It’s summer time during COVID, and most people have taken to camping as a getaway. There are many campgrounds that are pet friendly, but do you know what you need to do so YOU are ready? Below we have some tried and true tips on camping with your furry bestie.
1. Ensure Your Dog is on Parasite Prevention Medication and up to date on Vaccinations
Romping through the woods is one of the best parts of camping, hiking the trails and discovering new picnicking spots. While we use bug spray/ repellant for ourselves, we need to ensure our furry friend is also protected from biting insects. If your dog is not already on a heartworm, flea and tick preventative medication call your veterinarian to get them started. When out camping you can possibly expose your pet to wildlife encounters as well as bacteria. Ensuring your pet is up to date on all vaccines give you the peace of mind that they are protected from Rabies and Leptospirosis. Make sure you check your dog (and yourself) for ticks, leeches or other parasites before bedding down for a nap or for the night.
2. Bring a leash, collar and ID
Many campgrounds have leash length limits, as well as other dog-specific policies. It is always best to follow the rules set out by the campground. If there are no rules, be mindful of your pet’s general safety. A bright collar, with an ID tag showing their name and a phone number that you can be reached at is the easiest way to ensure they will be returned to you. If you find you tend to camp far away with limited cell service, consider a microchip. These handy devices show a code that is linked to your information, and most microchip companies also require an additional emergency contact person so they can also be contacted in the case of your pet getting lost and you are unreachable. Leashing your dog on your hikes may seem counter-productive, but you are most likely to encounter wildlife while out with a dog. To avoid bears, skunks or other animals you can add bells to your dog’s collar to frighten away potential threats or just keep them leashed. If walking on a popular trail, leashing is sometimes safer as many people throw their garbage including glass bottles into the woods and your dog is at risk for getting cuts. As well, there are many GPS based collars that when walking in the deep back woods can ensure you know where your off-leash dog is.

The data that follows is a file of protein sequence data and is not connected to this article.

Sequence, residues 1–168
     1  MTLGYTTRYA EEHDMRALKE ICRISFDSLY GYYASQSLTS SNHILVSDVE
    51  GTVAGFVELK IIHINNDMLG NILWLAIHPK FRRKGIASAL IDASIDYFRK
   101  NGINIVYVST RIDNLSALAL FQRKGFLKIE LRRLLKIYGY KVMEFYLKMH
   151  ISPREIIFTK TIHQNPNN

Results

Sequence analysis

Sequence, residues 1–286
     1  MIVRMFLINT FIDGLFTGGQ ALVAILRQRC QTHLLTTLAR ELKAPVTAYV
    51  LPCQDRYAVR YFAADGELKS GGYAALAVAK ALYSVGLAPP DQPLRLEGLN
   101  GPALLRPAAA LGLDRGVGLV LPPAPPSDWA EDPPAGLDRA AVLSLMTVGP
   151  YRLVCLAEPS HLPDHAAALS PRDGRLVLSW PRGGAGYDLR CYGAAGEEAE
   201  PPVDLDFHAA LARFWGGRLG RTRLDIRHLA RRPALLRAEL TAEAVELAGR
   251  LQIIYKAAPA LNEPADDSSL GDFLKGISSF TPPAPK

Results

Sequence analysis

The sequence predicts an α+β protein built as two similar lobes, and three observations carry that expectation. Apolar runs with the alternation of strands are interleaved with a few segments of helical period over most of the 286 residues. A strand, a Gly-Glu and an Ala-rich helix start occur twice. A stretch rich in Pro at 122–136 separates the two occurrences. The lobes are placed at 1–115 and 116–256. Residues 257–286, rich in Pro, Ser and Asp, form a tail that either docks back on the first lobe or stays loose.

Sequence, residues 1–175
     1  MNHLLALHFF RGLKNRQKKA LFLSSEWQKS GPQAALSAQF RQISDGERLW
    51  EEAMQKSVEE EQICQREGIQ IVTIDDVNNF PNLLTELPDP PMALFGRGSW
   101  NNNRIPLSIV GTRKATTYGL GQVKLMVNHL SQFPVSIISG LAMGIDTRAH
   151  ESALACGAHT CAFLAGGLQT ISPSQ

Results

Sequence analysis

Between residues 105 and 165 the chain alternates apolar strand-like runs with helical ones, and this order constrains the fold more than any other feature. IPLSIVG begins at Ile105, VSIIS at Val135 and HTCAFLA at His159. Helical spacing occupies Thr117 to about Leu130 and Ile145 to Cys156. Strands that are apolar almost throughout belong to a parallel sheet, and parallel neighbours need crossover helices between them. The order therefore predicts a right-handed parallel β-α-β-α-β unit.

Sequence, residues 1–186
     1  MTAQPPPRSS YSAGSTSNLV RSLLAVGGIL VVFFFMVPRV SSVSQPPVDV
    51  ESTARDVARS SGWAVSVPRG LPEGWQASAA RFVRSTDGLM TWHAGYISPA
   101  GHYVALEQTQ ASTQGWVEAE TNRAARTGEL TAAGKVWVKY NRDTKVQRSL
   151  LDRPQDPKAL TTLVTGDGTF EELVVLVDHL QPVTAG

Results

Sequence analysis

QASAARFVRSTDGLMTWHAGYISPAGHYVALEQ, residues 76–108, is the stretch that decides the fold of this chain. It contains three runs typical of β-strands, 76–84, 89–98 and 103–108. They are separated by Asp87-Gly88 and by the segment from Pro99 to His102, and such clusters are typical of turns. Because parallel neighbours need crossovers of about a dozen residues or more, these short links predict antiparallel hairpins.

3. Food and Drink Safety
You may have a game plan for your own food, but if your dog is a grazer leaving their food out isn’t always the safest thing when you’re camping. Always remember to seal up dry and canned food in airtight containers and store them safely with your own. Don’t leave food out for your pet, and try to wash out the bowls immediately for canned food or store the dry food bowls with the rest of your food products – just the smell of food in a bowl can interest wildlife. Ensure that your dog always has access to fresh water. Avoid letting them drink from puddles or slow-moving creeks as they can be hosts to bacteria that can cause many issues including GI upset and Leptospirosis. There are many handy pet portable water bottles available, or portable pet bowls to ensure on your hikes your dog has access to fresh water.
4. Pet First Aid Kit
Good to have when on a hike or in your house, always bring a pet first aid kit when camping. You can buy them at pet stores, St John Ambulance or other major retailers. Good things to have in your pet first aid kit include: saline solution for rinsing wounds, self-adhesive bandages, gauze, tick twister, flea comb, quick stop styptic powder and single use gloves.
5. Campsite Safety
Camping may be a fun adventure, but if your dog isn’t used to sleeping in a tent, laying by the campfire or generally being outdoors in the summer heat all day then you may want to get them used to it first. Try introducing the tent in your backyard, let them explore while you air it out. You can try feeding them in it to coax them in if they appear nervous. Always a good idea to put on booties or socks on your dog so your air mattress and tent don’t get holes at night as well. If your dog is a little nervous and already crate trained, you can bring along their crate so they have something familiar. Try setting it up in the tent (if your tent is big enough) or put it in a shady place so they can nap in the shade. Make sure you give your dog lots of opportunities to rest in the shade or even a quick swim in the lake is a good way to ensure your pet cools down. Also, remember to not let your dog too close to the firepit, just one spark can cause a burn on their skin.
Camping is a great way to get out and active with the family and can be a wonderful time with your dog too! Follow these easy tips and you can have a safe camping getaway!